To the preceding, admittedly rambling discussion we could also add the following, which I’ll only note in passing: the further isolation encouraged by services that promise to eliminate my need, particularly in the suburbs, to go anywhere at all or interact with others who are not my paid proxies. I’m thinking here of Amazon, of course, but also the host of delivery services that will fetch all manner of goods for me. Consider also the devices toward which we may turn our gaze in order to avoid encounters with others when we are forced to exit our private spheres. Or GPS that relieves me even of the occasional need to ask a stranger for directions. Or the myriad entertainment technologies that sink me in simulated worlds. Taken alone, none of these developments amount to much; taken together they perpetuate the sort of idiocy that undermines the possibility of democracy.

I’ll leave you with no solutions, but with this from Adorno and Horkheimer: “I do not believe that things will turn out well, but the idea that they might is of decisive importance.”

Evaluating the Promise of Technological Outsourcing

“It is crucial for a resilient democracy that we better understand how these powerful, ubiquitous websites are changing the way we think, interact and behave.” The websites in question are chiefly Google and Facebook. The admonition to better understand their impact on our thinking and civic deliberations comes from an article in The Guardian by Evan Selinger and Brett Frischmann, “Why it’s dangerous to outsource our critical thinking to computers.”

Selinger and Frischmann are the authors of one the forthcoming books I am most eagerly anticipating, Being Human in the 21st Century to be published by Cambridge University Press. I’ve frequently cited Selinger’s outsourcing critique of digital technology (e.g., here and here), which the authors will be expanding and deepening in this study. In short, Selinger has explored how a variety of apps and devices outsource labor that is essential or fundamental to our humanity. It’s an approach that immediately resonated with me, primed as I had been for it by Albert Borgmann’s work. (You can read about Borgmann in the latter link above and here.)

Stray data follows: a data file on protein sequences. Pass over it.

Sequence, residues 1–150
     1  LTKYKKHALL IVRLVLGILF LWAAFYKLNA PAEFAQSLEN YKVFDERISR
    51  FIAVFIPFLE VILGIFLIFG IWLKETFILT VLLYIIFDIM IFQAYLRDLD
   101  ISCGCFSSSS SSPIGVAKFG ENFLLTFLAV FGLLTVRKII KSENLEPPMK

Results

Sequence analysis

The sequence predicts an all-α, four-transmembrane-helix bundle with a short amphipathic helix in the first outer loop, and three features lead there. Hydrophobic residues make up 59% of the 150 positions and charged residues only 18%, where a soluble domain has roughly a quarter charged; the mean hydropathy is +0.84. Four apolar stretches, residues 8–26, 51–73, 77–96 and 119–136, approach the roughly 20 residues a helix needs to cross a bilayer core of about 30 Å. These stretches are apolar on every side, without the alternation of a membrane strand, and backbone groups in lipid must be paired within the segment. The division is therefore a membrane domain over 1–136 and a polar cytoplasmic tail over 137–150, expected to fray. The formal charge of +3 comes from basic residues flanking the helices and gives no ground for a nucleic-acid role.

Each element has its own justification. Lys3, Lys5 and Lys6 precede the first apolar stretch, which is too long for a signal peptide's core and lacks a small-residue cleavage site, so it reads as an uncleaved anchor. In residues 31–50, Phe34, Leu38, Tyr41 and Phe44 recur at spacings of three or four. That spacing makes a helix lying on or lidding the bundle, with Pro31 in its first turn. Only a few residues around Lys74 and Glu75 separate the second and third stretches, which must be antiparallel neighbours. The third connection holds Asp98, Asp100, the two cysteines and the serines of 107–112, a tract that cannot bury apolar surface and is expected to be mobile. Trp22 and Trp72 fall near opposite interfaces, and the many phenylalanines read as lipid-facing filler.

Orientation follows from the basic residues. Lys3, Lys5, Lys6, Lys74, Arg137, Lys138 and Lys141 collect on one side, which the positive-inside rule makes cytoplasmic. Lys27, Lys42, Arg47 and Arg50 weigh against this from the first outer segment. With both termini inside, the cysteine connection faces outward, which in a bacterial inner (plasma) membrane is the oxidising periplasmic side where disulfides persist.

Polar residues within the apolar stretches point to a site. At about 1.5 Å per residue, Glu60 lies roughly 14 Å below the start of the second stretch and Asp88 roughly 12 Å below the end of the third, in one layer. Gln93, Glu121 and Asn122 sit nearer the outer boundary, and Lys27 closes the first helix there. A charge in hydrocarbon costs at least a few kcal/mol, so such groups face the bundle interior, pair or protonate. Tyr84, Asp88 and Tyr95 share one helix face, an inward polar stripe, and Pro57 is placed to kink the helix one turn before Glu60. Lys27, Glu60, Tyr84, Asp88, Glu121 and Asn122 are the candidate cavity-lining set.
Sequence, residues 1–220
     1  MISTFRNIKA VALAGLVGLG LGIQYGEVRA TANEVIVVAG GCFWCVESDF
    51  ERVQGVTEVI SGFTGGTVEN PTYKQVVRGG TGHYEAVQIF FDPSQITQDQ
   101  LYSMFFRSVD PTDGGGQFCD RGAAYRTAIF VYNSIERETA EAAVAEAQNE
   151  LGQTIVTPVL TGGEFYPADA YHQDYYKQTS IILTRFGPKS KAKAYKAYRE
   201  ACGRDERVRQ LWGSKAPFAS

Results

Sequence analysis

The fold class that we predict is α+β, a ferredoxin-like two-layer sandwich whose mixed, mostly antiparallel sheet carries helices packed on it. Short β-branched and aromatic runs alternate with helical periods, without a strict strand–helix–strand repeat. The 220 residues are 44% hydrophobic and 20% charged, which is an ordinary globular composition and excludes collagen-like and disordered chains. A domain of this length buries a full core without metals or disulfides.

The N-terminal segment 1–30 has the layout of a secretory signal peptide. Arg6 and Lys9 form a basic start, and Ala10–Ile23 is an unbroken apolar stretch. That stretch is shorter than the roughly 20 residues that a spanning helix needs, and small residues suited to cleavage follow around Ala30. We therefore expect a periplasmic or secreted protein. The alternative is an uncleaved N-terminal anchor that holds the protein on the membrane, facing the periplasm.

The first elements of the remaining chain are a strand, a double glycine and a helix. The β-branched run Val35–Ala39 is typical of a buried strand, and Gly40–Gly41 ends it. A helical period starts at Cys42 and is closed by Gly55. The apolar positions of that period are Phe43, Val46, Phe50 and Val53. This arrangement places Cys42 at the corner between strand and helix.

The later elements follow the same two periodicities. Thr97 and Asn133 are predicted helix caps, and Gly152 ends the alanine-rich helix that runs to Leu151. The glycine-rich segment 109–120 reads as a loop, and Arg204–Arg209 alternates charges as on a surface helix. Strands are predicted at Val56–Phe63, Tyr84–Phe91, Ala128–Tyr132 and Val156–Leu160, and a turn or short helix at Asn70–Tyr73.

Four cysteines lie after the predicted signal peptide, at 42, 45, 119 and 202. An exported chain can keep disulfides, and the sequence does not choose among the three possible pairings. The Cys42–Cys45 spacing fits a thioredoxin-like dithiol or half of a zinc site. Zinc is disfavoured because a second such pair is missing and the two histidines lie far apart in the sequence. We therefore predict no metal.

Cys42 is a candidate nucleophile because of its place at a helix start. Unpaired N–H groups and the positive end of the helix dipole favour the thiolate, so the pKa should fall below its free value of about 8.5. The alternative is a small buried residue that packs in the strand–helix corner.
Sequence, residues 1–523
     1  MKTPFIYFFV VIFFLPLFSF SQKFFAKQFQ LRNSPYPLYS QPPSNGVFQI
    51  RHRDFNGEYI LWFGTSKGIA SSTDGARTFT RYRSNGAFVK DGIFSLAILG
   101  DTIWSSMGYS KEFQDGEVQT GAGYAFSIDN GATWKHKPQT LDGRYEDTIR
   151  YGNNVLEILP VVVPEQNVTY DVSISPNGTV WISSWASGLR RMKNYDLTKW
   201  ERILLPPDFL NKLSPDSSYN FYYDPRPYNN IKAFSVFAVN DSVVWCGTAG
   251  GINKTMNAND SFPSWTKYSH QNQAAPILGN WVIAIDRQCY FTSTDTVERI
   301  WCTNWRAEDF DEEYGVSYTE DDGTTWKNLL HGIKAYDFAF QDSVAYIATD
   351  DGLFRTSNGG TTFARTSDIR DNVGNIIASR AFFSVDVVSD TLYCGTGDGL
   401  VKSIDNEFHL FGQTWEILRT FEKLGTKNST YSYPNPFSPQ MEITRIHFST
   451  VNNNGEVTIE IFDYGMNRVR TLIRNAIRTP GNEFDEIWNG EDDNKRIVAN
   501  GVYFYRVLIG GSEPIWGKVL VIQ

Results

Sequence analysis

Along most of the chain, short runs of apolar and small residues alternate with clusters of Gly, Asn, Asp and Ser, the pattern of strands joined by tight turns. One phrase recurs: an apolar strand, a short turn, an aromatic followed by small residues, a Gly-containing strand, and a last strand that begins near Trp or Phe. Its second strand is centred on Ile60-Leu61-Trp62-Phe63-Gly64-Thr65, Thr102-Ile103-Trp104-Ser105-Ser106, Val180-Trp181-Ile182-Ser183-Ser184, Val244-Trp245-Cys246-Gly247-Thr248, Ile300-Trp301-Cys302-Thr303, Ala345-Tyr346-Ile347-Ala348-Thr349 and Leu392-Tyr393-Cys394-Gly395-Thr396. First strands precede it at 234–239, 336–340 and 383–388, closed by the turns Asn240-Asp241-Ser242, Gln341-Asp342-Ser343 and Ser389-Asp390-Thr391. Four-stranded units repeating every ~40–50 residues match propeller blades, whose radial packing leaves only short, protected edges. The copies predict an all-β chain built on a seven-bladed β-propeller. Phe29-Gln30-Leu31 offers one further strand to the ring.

In this case, the crux of Selinger and Frischmann’s critique can be found in these two key paragraphs:

Facebook is now trying to solve a problem it helped create. Yet instead of using its vast resources to promote media literacy, or encouraging users to think critically and identify potential problems with what they read and share, Facebook is relying on developing algorithmic solutions that can rate the trustworthiness of content.

This approach could have detrimental, long-term social consequences. The scale and power with which Facebook operates means the site would effectively be training users to outsource their judgment to a computerised alternative. And it gives even less opportunity to encourage the kind of 21st-century digital skills – such as reflective judgment about how technology is shaping our beliefs and relationships – that we now see to be perilously lacking.

Their concern, then, is that we may be encouraged to outsource an essential skill to a device or application that promises to do the work for us. In this case, the skill we are tempted to outsource is a critical component of a healthy citizenry. As they put it, “Democracies don’t simply depend on well-informed citizens – they require citizens to be capable of exerting thoughtful, independent judgment.”

As I’m sure Selinger and Frischmann would agree, this outsourcing dynamic is one of the dominant features of the emerging techno-social landscape, and we should work hard to understand its consequences.

As some of you may remember, I’m fond of questions. They are excellent tools for thinking, including thinking about the ethical implications of technology. “Questioning is the piety of thought,” Heidegger once claimed in a famous essay about technology. With that in mind I’ll work my way to a few questions we can ask of outsourcing technologies.

My approach will take its point of departure from Marshall McLuhan’s Laws of Media, sometimes called the Four Effects or McLuhan’s tetrad. These four effects were offered by McLuhan as a compliment to Aristotle’s Four Causes and they were presented as a paradigm by which we might evaluate the consequences of both intellectual and material things, ideas and tools.

The four effects were Retrieval, Reversal, Obsolescence, and Enhancement. Here are a series of questions McLuhan and his son, Eric McLuhan, offered to unpack these four effects:

A. “What recurrence or RETRIEVAL of earlier actions and services is brought into play simultaneously by the new form? What older, previously obsolesced ground is brought back and inheres in the new form?”

B. “When pushed to the limits of its potential, the new form will tend to reverse what had been its original characteristics. What is the REVERSAL potential of the new form?”

C. “If some aspect of a situation is enlarged or enhanced, simultaneously the old condition or un-enhanced situation is displaced thereby. What is pushed aside or OBSOLESCED by the new ‘organ’?”

D. “What does the artefact ENHANCE or intensify or make possible or accelerate? This can be asked concerning a wastebasket, a painting, a steamroller, or a zipper, as well as about a proposition in Euclid or a law of physics. It can be asked about any word or phrase in any language.”